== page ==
Type Two Fun

Author: Kelly Morgan, A Watch, University of California, Berkeley

July 22, 2021
Fellow A-Watchers and I

Fellow A-Watchers and I experiencing some Type One Fun: 500mL of oozy, goopy bio-volume from our recent Neuston Tow and squirt guns - a lethal combination.

Ship's Log

Position
41° 30.36” N X 136° 26.53’ W

Heading
100

Speed
5 knots

Sail Plan
Four Lowers

Weather
The Great Stratus has returned, but the Sea remains steady and calm (Stratocumulus coverage, less than 5 ft seas)

Wind
WSW. Force 4.

Description of location
Perpendicular to Mendocino Point, approx. 500nm off-shore

Souls on Board

We have turned east, rounding the upper curve of our grand circle through the North Pacific Gyre. We're headed straight for Mendocino Point, where we'll turn south down the California coast. Since leaving the coastline in June, we have not seen land in over 20 days! As we near California once again, we find ourselves conflicted over our feelings towards "land-ho."

Many of us are excited to return to more productive waters, hoping for the daily-whale sightings we became accustomed to at the beginning of our trip. Today we were visited by a few dolphin-friends who surfed in our wake and reminded me of home. We're destined for the Point Reyes National Seashore, where we may encounter Northern Elephant seals and my buddies, the California sea lions.

Some of us look forward to the small comforts of land-life: stable ground, clean clothes, or a normal sleep schedule. A common on-watch pass-time involves fantasizing about what we will do our first few days back on land. I for one cannot wait to have a sip of my favorite coffee blend.

At the same time, there is wariness as we approach civilization once again. For a period of time, we have been allowed to forget our woes and cast our land-responsibilities to the wind. Our life onboard is simple and routine: we eat, sleep, work, repeat. There is a beauty in the form and function that keeps the boat moving forward. Everyone has a place and a purpose. It's easy to feel gratified in your contribution.

We've also been gifted the time to get to know one another without the distractions of the outside world. Given we were all strangers just over a month ago, it's remarkable how close we've become. I guess conversations at 3:00 am in the literal middle of the ocean will do that to people.  But as the end of the trip nears, so does our parting. My new friends have opened my mind and inspired values in me I will carry long after our departure.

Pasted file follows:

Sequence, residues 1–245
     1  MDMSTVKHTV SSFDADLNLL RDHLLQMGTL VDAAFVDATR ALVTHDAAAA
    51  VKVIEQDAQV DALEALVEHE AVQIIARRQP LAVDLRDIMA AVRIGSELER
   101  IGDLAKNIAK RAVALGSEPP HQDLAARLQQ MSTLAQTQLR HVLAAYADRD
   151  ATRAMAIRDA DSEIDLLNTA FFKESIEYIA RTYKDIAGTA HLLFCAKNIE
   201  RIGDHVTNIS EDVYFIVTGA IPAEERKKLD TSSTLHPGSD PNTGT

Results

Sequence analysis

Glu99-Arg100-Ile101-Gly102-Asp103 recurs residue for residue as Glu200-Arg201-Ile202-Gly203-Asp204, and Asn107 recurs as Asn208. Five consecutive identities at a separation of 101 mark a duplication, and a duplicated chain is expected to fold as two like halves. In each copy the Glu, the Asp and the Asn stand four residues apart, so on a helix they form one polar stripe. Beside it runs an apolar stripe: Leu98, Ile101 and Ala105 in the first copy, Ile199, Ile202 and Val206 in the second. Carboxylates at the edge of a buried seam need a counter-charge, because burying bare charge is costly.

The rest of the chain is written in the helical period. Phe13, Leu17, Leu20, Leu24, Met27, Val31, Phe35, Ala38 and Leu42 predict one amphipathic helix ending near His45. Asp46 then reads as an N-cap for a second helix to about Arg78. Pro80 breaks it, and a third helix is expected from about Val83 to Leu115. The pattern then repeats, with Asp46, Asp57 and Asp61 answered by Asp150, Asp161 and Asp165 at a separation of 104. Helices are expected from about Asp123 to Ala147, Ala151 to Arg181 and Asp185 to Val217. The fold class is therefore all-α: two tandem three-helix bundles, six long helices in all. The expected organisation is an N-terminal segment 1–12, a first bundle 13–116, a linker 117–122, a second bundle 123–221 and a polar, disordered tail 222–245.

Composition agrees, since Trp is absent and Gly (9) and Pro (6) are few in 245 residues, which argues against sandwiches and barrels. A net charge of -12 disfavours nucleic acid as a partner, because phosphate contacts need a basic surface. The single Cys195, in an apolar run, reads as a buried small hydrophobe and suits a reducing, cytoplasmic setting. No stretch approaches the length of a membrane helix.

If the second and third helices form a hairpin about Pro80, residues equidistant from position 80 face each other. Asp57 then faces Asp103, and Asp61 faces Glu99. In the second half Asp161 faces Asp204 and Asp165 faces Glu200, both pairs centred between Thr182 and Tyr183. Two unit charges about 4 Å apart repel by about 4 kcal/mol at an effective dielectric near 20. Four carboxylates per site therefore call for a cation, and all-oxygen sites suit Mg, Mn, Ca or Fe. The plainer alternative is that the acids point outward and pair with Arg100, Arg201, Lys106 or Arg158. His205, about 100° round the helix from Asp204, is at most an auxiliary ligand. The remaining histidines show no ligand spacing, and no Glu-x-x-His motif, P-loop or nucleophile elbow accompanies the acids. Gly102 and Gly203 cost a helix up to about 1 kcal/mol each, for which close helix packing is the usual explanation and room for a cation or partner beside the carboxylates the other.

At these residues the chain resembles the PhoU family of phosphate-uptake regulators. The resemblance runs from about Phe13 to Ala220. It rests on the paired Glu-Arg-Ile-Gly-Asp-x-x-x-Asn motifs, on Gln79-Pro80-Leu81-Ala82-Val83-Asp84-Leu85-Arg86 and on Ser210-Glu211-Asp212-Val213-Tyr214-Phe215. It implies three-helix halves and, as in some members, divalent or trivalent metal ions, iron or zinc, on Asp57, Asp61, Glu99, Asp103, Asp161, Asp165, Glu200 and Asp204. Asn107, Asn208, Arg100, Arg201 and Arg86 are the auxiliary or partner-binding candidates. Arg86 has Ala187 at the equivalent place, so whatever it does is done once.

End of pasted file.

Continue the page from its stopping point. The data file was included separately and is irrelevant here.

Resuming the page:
I'll miss many aspects of boat-life, and even more in retrospect. Most of the crew refers to our daily activities on board as "Type Two Fun:" overwhelming and completely exhausting in the moment, but wildly fun looking back on it. My watch-mate Noah, who spent time on another SEA tall ship last fall, explained that although it feels grueling now, "in two months when you're sitting on your couch at home, you'll be wishing you were coiling fire line on the deck of the Seamans." In our last few weeks, I hope to savor every moment aboard- even if I'm scrubbing the galley mats, vacuuming the scuppers, or descending into dry stores for the millionth time for (what feels like) no reason.

- Kelly Morgan, University of California, Berkeley, A Watch

P.S. From Kelly: Hi Mom, Dad, Gracie, and Morgie!! Miss you guys and think about you all the time. Can't wait to see you all when I'm home! Love you!
From Sophia: Happy birthday Jeff! I hope you get to enjoy many margaritas from Sin Fronteras ? I love and miss you so much! Can't wait to see your face at the airport!!
From Kyla: Hi Cousin John! I'm wishing you a very happy birthday from way out in the middle of the ocean! I hope it's filled with kielbasa and polkas. Miss you!

Contact: Douglas Karlson, Director of Communications, 508-444-1918 | dkarlson@sea.edu

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